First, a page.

The beautiful title screen!Brianna Lei
Listen. I don't like visual novels half the time. Even something like Dream Daddy, which I loved, gets incredibly boring. I suffer through them, because it's where a lot of queer content gets produced It's not because they're bad, I just have a specific taste and I don't want to spend three or four or ten hours just reading text on a screen. But, I was happy to do it with Butterfly Soup, because it's just so fun.
And that should be a given, right? Dream Daddy was fun, wasn't it? And so was Gone Home (which isn't necessarily a visual novel, but close enough)? And Life is Strange (which also isn't necessarily a visual novel, but again, close enough)? That's true, but I think what separates Butterfly Soup from them is that has a sense of honesty without taking away the humor and light-heartedness at all and making it either super campy or super depressing.
As much as I love Gone Home, it focused a lot on the negative experiences of queer youth. You hear a lot about how it's main character struggled with both her identity and helping her partner. While this is a very honest representation of what a lot of young gay folks through - it's not the only experience that we have.
Diya, the main character of the story.Brianna Lei
We have a community and we have a lot of queer friends, and often times we surround ourselves with other queer people. That's what happens during the entirety of this game. You are dropped in on the life of a young queer girl and her other queer friends. You see how they interact, and how they find love - and while it does have moments that can be on the serious side - it never gets sad or weepy. We never see these characters go on long monologues about how they can't accept themselves and how they'll never be happy.
This is accomplished through Lei's decision to give the player no control over the story. You occasionally get a few dialogue options, but in the end, you see what Lei wants you to see. You are on a guided tour of the story - not a participant in it. So, you aren't mired in finding extra stuff here or there (although, there are some extra observations you can make when prompted). So, while I did find myself getting bored, Lei managed to reel me back in with some pretty choice story-telling techniques that even AAA titles can learn from.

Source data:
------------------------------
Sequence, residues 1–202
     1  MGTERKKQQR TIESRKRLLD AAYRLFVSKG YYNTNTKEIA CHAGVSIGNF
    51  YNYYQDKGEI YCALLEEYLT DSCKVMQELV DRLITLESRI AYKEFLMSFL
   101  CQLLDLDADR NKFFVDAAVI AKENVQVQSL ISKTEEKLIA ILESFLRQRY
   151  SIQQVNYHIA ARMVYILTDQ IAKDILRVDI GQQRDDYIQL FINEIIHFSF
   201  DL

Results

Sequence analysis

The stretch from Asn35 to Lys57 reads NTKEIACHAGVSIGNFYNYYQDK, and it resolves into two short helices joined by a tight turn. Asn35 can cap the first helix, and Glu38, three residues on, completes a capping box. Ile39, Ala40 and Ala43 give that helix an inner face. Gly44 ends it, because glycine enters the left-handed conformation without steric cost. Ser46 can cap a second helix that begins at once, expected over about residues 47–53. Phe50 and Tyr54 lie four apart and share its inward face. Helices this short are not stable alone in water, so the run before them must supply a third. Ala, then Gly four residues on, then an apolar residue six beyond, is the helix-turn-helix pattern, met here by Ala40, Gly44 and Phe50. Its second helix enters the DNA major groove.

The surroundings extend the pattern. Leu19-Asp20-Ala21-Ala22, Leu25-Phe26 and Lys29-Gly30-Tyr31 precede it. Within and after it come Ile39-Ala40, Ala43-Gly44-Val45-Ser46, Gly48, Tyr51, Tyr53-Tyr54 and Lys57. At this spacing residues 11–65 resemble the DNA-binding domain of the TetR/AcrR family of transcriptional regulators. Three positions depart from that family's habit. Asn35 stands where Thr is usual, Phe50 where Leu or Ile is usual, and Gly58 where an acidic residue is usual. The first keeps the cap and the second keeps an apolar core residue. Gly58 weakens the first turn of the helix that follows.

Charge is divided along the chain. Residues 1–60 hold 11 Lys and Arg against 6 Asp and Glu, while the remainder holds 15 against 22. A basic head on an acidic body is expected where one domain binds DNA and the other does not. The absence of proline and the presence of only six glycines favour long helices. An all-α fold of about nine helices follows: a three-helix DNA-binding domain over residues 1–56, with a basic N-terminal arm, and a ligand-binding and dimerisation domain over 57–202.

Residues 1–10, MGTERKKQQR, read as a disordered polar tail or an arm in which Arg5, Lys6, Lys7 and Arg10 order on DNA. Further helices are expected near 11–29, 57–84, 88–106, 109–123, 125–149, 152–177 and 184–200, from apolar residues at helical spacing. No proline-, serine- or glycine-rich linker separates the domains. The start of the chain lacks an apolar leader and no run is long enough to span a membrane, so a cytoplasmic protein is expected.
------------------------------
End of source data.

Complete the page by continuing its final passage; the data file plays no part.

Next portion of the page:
Throughout the game, you are treated to flashbacks, which show the four main characters' friendship through the years, instead of just one specific point of time. Each one makes the characters more dynamic and provides and insight that informs previous scenes. It's not disjointed and it's all connected.
Akarsha, one of the four main cast!Brianna Lei
And aside from the main cast, we are treated to actual diverse characters of different races and sexualities. You have people of color, you have a trans character, bisexual characters - and even if they aren't big, they're still real. Even in a lot of queer-themed visual novels, you usually only get a lesbian or a gay man's story - and while this story does focus mainly on a relationship between two women - we still get a solid cast of fleshed out characters that are not exclusively gay and cisgender.
As I play through - I'm just smiling and relating. I don't feel sad and I don't feel that same sense of, "Man it's so hard being gay," that so much media gives me. That kind of media is important, we should always remember/be reminded of the struggle that people - especially young people - in the community deal with. But it's also important to show that it doesn't always have to be that way. It is possible to be young and happy - even if you're struggling, you can find people who loves and accepts you.
Butterfly Soup is a special game - it uses fun characters and brilliant storytelling to give you an honest and non-sad portrayal of a diverse group of young, queer women in a time where it's very difficult to be a young, queer woman. While it doesn't offer a huge variety in terms of gameplay, it weaves something that leaves you smiling and cheering and laughing.
Please, please, please go play it. You can get it for free right here - and make sure you leave Brianna Lei a damn good review when you're done.